Hi Om, most electric bike kits that I’ve reviewed don’t offer regeneration and those that do are incredibly inefficient (like ~20%) so you’re losing much more energy than you capture. It’s a neat feature for helping you slow down when descending big hills and it creates a nice feeling to think that you’re getting a charge but I would not set out to generate electricity by pedaling unless you want to simulate hills and use your bicycle for rigorous exercise. If that is your interest then check out the BionX kits which all offer regen, you can even buy them preinstalled on bikes from OHM and others.
The BMS I chose is a 30A maximum constant discharge BMS, which is more than I’ll need. It’s good to be conservative and over-spec your BMS if possible, so you aren’t running it near its limit. My BMS also has a balance feature that keeps all of my cells balanced on every charge. Not all BMS’s do this, though most do. Be wary of extremely cheap BMS’s because that’s when you’re likely to encounter a non-balancing BMS.
This new kit uses the same motor as the GNG. It also uses the same basic configuration, with a quiet belted primary reduction in the high-RPM half of the drive, and a narrow and strong chain in the lower-RPM half of the drive.
One question regarding the specific battery BMS you used in this build: It uses a different wire for charging vs discharging the battery. Does this mean that the regenerative braking feature cannot be used for this battery?
Hi Court, I have a 2005 Giant Trance 2 mountain bike I’d like to convert. I want to commute to work which is 15 miles away using trails and minimal road exposure. There is also a fair amount of hills. The trance has a small triangle and I fell I would need a fairly large battery. I see a 52 volt 20ah at Lunacycle that is a triangle that looks like it will fit but its $600. I’m leaning toward a 1000 watt BBSHD unlocked.. all of this said, I recently rode a fat bike with a BionX hub drive that was so smooth I couldn’t believe it. The BioniX battery would never fit the triangle. Any thoughts or guidance would be appreciated. Thanks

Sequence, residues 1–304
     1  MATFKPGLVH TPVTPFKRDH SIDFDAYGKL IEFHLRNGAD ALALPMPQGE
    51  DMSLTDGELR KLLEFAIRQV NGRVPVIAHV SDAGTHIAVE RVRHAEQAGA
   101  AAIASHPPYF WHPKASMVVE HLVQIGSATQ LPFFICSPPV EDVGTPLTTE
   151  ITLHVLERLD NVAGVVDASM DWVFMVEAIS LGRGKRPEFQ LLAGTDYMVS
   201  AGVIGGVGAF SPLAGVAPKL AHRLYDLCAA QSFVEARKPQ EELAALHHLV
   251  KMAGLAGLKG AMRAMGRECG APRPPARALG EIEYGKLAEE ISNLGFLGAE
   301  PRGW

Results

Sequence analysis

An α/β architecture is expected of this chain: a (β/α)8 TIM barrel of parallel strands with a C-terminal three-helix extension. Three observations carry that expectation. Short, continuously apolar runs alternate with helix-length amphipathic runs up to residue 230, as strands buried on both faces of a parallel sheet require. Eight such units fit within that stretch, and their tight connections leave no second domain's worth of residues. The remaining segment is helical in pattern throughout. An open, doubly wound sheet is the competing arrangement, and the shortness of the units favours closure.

I am trying to decide if I need a 350 watt hub motor for a bike conversion or would a 500 watt hub motor be better. I weigh almost 230 lbs but live where there are minimal hills. My husband would be doing the conversion with an all inclusive kit. Does a person’s weight have anything to do with what size motor you buy?
For a 24V 7s pack, I’ve used this BMS a few times and been quite happy with it: http://www.aliexpress.com/item/7S-Li-ion-Lipo-Batteries-Protection-Board-BMS-System-24V-29-4V-20A-Continuous-Discharge-350W/32336397316.html
Hi, Court Rye! Thank you for your response . As I supposedly said, I do cca.20 km per day. 2000 – 3000 per year. The main road is straight, as well as highs. Just for them I need help of the engine. I send you pictures of the engine that are offered to me . They said that discourage hub motor ( in the first wheel ) , as well as the Mid – Bafang , because often corrupts !? So, what do you mean? Thanks and best regards, Miran
The safest and fastest growing lithium battery (LiIon) system for electric bike / bicycle applications, offers high-energy density and low weight.It’s a kind of rechargeable battery, no memory effect.The three primary functional components of a lithium-ion battery are the negative electrode, positive electrode, and the electrolyte. The negative electrode of a conventional lithium-ion cell is made from carbon. The positive electrode is a metal oxide, and the electrolyte is a lithium salt in an organic solvent. The electrochemical roles of the electrodes change between anode and cathode, depending on the direction of current flow through the cell. The most commercially popular negative electrode material is graphite. The positive electrode is generally one of three materials: a layered oxide, a polyanion, or a spinel.
Cell Model Samsung 2900mah. BATTERY CELL -18650 Rechargeable Lithium Battery cell. It also comes with aUSB CHARGING PORT which can be used for charging your phone. Battery Type: Dolphin Type Lithium Battery.